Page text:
A favourite quote and a way by which to approach life.

Today is the tomorrow that you worried about yesterday.

Wednesday, 21 January 2009

Set free

I don't know how to follow on from the news of Emma's death and my last post. Although death is the end of a life - and Emma's was a special life - it can't mean the end of the life of everyone who knew the person who has died. On the other hand, we are halted in our tracks by the suddenness of the event and the sadness of the loss. We are left with a hole in our lives that will never be filled by anyone else, because it's a hole that is specifically shaped - in this case it is Emma-shaped.

I was woken this morning by my carer at the door. A comes once a week and does a marvellous job making my life that little bit easier. Mornings aren't my best time lung-wise, and quite often I'll go back to bed for a while after I've let A in. She gets on with what she can and she brings me a cup of tea or coffee in bed, which is just lovely and such a rarity when you live on your own. This morning I went back to bed, got my lungs working and then went back to sleep instead of getting up. I didn't want to face the day, and actually was completely exhausted too from a very unsettled night. An hour or so later A came in with another cuppa and quietly asked if I was okay. I told her about Emma. Of course A didn't know Emma, but she was saddenned all the same, because that's the kind of caring and sensitive person A is. I got up. A changed the sheets on my bed while I cuddled the cat in the living room, and then she sent me back to bed. I was exhausted, but then last night was an emotion-filled one with little sleep. I made up for it after A left and slept into the afternoon, but this has meant that my day has felt somewhat upside down, and I know that I can't let it be the beginning of a pattern, but today it's okay.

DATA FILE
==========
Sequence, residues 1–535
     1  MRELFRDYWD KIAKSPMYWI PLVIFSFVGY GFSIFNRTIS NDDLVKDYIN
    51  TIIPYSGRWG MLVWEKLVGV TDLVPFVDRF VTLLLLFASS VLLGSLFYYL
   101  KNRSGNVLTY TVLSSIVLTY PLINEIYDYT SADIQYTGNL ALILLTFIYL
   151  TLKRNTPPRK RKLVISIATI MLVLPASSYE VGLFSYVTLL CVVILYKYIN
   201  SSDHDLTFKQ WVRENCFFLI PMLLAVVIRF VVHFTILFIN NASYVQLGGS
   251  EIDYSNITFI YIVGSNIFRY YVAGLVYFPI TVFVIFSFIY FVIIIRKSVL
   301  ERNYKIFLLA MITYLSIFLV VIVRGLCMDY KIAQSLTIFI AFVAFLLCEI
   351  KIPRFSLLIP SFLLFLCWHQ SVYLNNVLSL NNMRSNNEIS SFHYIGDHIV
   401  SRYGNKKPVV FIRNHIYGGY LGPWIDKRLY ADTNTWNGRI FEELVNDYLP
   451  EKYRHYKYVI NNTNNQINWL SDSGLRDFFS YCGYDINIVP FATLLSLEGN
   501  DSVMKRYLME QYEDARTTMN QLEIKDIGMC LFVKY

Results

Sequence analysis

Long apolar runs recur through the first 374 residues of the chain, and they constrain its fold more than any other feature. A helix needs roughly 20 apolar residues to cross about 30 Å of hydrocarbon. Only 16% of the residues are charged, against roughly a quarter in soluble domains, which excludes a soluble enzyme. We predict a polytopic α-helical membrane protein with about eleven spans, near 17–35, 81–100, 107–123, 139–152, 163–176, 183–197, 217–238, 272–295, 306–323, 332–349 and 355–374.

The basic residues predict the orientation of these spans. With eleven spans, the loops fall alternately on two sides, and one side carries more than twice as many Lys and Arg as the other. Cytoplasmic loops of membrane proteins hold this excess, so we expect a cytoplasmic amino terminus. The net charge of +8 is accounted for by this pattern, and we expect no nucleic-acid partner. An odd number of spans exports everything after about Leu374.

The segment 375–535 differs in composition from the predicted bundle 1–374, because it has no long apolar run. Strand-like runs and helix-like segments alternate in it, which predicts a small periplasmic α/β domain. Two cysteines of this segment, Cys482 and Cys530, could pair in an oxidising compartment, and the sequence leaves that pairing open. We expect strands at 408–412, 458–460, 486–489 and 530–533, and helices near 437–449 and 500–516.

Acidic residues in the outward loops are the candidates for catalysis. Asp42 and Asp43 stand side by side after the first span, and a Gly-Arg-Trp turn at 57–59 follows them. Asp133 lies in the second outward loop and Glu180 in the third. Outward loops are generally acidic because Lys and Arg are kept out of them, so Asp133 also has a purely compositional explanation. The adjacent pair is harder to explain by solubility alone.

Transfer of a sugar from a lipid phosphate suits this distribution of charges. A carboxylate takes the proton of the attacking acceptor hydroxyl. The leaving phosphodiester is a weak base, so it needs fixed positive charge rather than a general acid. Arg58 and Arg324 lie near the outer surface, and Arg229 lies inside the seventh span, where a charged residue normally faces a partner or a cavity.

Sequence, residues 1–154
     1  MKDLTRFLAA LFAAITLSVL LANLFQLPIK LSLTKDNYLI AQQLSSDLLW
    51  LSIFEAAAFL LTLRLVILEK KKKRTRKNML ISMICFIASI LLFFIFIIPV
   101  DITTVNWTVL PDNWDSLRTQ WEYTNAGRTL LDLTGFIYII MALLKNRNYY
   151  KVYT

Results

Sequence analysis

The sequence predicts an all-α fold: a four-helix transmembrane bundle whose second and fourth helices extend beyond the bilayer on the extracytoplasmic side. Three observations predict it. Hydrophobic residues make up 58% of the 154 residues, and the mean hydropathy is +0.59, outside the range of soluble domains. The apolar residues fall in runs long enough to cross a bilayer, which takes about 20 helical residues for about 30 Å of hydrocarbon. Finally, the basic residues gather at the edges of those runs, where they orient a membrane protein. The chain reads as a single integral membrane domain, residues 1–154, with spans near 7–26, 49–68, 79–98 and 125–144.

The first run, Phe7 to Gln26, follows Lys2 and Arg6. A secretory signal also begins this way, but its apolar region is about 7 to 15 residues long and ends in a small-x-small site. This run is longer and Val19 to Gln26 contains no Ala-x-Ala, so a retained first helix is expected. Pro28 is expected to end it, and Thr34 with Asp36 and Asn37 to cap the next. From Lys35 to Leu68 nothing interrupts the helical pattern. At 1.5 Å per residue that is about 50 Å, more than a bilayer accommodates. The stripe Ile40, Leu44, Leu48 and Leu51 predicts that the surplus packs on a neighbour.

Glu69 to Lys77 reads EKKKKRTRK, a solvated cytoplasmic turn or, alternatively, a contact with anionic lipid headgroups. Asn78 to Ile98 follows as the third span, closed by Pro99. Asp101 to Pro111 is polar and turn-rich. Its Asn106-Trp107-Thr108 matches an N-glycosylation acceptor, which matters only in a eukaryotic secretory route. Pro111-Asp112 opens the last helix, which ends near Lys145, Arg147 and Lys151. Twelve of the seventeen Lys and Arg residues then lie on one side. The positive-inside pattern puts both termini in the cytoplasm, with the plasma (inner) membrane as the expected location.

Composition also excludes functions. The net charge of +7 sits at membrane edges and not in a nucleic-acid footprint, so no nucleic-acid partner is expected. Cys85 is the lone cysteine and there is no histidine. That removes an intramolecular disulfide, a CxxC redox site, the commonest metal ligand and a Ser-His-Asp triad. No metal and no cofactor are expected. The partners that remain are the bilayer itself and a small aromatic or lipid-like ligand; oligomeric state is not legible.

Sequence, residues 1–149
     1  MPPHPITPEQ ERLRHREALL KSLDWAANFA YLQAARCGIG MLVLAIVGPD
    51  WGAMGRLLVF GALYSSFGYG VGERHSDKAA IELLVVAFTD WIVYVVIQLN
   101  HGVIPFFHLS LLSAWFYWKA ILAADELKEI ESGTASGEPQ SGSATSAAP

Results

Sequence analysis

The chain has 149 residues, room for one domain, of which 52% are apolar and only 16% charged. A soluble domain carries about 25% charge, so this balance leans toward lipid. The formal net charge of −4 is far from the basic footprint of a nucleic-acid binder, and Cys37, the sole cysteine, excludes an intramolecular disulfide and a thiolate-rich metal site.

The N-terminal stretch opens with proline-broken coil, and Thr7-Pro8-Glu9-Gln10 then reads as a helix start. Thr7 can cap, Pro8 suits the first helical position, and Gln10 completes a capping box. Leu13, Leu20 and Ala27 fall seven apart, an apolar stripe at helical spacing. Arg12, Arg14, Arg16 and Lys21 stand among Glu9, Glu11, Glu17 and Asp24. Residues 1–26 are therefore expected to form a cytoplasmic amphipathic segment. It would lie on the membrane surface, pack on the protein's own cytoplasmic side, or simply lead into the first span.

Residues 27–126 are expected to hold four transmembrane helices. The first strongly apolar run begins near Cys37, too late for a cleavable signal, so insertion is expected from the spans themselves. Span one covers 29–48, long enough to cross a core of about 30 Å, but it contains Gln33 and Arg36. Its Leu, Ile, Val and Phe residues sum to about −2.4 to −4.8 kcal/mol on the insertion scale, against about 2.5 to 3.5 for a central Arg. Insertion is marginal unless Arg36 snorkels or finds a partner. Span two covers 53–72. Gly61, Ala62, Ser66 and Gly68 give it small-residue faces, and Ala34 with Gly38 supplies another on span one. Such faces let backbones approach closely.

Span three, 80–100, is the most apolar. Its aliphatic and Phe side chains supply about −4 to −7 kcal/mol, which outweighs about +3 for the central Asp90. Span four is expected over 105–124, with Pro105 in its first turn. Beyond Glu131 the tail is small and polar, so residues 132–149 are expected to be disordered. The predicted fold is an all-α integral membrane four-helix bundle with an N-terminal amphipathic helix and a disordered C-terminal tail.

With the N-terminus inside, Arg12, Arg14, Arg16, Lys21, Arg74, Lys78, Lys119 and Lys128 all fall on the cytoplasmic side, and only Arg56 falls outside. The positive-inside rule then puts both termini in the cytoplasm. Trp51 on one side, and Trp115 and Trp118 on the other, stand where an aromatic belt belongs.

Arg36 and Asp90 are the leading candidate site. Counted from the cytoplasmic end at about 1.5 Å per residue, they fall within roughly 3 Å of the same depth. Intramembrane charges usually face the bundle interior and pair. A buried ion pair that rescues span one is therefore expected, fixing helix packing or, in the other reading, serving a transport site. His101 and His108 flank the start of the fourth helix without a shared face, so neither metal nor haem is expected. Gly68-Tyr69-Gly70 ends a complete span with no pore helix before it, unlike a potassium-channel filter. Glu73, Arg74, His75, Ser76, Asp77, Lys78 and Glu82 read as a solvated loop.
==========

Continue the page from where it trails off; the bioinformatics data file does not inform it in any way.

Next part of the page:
One thing Emma would hate would be for everyone to stop their lives. She was all for living and making the most of things, so I must remember her whilst embracing life, rather than let it slip by in a haze of sadness. Yes, I will mourn her. Yes, I will think of her often and contemplate the ways in which she's touched my life and the lives of many around the world, but I have to keep living, we have to keep living. It was Emma's wish that we should live without regret, and I know that if I stop trying to live by the mantra of 'today is the tomorrow that you worried about yesterday,' and my tag-line, 'I tried depression and it didn't make me any happier,' then the rest of my life will be full of regret - regret that I stopped remembering to live when I was alive.

I'm not feeling very articulate tonight. Perhaps instead of writing any more I will leave you with a photo that I took at the Farne Islands last summer. It's an Arctic Tern.

Go on Emma, you're flying freely now.


rattles said...

hiya becky

thanks for reading its good to have feedback isn't it?! im thinking kilamanjaro is an ambitious target for me too if im honest but still least i have that and trying to get back to work to aim for!

why not aim for a gentle strole round a trail in the countryside or peak district. im going in small steps so this will be my first goal for a few months time.

take care and speak soon

B said...

Beautiful, Becky. Both the post and the picture.

You may be feeling inarticulate, but your writing is still beautiful.

Lisa Paul said...

It's taken me over a week to come to terms with Emma's death and write a post on it. Just put it up now.


I hope she's got Wi-Fi in Heaven and is enjoying it.